5. You might have a case for identity politics being a divide-and-conquer niche marketing strategy for capitalism, but I don’t see feminism or strong womanhood as the enemy in the Carpenter movie. More men than women seem to be aliens as revealed by the Hoffman lenses. The revealed aliens aren’t obviously either male or female. Some of the subliminal messages promote sex and reproduction as a distraction from the truth, but so are booze, consumer goods, etc. Late in the movie someone makes a speech explaining that the aliens are “free enterprisers” who go around the galaxy exploiting planets for material gain. That seems straightforward enough. Here’s the dialog from the screenplay:

    “What do these things want?”
    “They’re free-enterprisers. The earth is just another developing planet. Their third world. Deplete the planet, move on to another.”

    Somebody points out that the cops are allied with the free-enterprisers because they’ve been told that the anti-alien insurgents are commies. In the context of the story, for men to blame the women or vice versa would be comparable to the two heroes fighting each other — a futile distraction from the real enemy that the free-enterprisers might readily encourage.

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    Comment by ktismatics — 26 September 2012 @ 5:01 pm

  6. but I don’t see feminism or strong womanhood as the enemy in the Carpenter movie.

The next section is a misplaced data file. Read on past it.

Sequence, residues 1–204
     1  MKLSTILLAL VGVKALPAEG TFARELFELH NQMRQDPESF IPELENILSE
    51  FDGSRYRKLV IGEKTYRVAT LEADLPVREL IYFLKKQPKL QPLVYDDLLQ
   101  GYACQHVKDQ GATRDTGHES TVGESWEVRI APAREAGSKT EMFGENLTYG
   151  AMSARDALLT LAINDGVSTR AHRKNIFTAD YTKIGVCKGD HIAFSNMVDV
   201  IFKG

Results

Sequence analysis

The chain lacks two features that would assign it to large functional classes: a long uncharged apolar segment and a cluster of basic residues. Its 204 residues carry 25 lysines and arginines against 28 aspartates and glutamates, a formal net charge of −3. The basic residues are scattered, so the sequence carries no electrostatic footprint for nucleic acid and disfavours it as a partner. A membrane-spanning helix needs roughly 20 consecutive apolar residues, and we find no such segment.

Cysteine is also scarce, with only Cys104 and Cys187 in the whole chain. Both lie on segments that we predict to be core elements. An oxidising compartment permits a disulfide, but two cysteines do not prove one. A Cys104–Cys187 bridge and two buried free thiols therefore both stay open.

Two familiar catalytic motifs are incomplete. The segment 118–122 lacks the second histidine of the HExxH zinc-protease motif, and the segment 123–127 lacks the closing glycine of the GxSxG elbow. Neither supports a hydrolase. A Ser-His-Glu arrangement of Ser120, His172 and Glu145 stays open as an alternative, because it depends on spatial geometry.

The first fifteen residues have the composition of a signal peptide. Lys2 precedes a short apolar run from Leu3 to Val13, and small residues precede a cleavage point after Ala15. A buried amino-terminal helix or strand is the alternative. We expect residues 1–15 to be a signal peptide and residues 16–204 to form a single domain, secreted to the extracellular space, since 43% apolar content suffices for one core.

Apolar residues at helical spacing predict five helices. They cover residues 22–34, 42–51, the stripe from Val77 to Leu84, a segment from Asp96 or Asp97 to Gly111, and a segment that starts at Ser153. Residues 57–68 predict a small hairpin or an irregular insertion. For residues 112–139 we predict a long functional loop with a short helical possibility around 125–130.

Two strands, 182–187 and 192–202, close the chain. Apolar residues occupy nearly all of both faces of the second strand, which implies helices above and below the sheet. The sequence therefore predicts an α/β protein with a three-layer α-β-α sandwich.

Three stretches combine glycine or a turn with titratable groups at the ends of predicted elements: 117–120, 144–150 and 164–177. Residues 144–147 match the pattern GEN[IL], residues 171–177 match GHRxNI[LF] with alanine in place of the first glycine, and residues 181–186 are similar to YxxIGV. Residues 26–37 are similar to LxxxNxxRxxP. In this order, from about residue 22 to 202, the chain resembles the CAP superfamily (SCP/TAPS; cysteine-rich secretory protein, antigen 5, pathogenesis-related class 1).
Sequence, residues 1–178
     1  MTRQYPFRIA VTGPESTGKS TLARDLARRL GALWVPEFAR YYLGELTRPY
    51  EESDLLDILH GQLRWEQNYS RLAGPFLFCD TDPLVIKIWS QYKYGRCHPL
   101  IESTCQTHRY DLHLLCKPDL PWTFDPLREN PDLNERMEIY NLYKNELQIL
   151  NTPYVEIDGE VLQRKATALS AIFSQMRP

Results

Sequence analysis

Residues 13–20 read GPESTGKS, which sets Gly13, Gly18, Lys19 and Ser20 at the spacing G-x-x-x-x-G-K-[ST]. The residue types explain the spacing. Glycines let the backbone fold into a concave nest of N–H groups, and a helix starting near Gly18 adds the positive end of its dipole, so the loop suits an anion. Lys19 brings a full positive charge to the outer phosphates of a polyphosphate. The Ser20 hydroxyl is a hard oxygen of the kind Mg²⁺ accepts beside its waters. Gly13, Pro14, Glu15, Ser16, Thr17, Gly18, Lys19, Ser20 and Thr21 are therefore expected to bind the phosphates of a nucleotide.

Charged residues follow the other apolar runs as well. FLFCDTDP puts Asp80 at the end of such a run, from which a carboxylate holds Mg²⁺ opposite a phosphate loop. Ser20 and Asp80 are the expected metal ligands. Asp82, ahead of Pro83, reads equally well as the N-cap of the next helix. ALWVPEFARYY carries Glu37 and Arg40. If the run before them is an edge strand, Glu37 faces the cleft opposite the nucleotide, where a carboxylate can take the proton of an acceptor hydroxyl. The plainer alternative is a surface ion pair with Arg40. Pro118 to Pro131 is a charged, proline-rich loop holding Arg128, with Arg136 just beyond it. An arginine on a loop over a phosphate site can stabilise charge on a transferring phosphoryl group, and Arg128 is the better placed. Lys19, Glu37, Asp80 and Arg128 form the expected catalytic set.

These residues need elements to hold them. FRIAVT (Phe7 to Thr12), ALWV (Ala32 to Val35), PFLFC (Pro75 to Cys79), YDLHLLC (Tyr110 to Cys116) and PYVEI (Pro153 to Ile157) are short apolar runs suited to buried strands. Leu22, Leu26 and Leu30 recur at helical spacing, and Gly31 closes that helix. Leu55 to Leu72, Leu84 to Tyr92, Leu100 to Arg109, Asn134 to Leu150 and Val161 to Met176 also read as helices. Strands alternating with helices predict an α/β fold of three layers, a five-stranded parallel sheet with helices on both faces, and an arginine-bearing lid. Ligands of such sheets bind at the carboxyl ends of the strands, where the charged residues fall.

I think that networked power (which as I said is feminine) is the enemy or at least the form in which the enemy attacks. This was later developed in THE MATRIX, though I vastly prefer THEY LIVE. Carpenter appears highly ambiguous towards the strong woman – he has a self-professed proclivity for strong female characters – but seems to also suggest that she has a terrifying effect on the male heroes. Hence their latently homoerotic shenanigans.

    And it’s not like the woman could ever be the enemy – it is the Phallic woman, that is to say a woman instrumentalized by capitalism – the LESB’AN.

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    Comment by cpc — 27 September 2012 @ 1:47 am

  7. “he has a self-professed proclivity for strong female characters – but seems to also suggest that she has a terrifying effect on the male heroes.”

    I agree with that. And it’s explicit that, while the two male heroes are physically strong, the woman foe is ultimately stronger than they are. But the man does succeed in the end in exposing the aliens. As you point out, this is possible only because the aliens had a centralized command center. Maybe if they had been more networked, more distributed, more feminine in your scheme, they’d have succeeded. The implication is that decentralization is a more powerful strategy, not just for the free-enterprisers but also for the insurgents. Every time the insurgents concentrated their forces in one place, and every time as individuals they directed macho posturing toward the aliens or toward one another, they became vulnerable to attack by the collective force of the aliens and their police-state allies. The insurgents needed to be more covert, less hierarchical, less centralized — less manly in the old-school patriarchic sense. Ultimately so too did the aliens.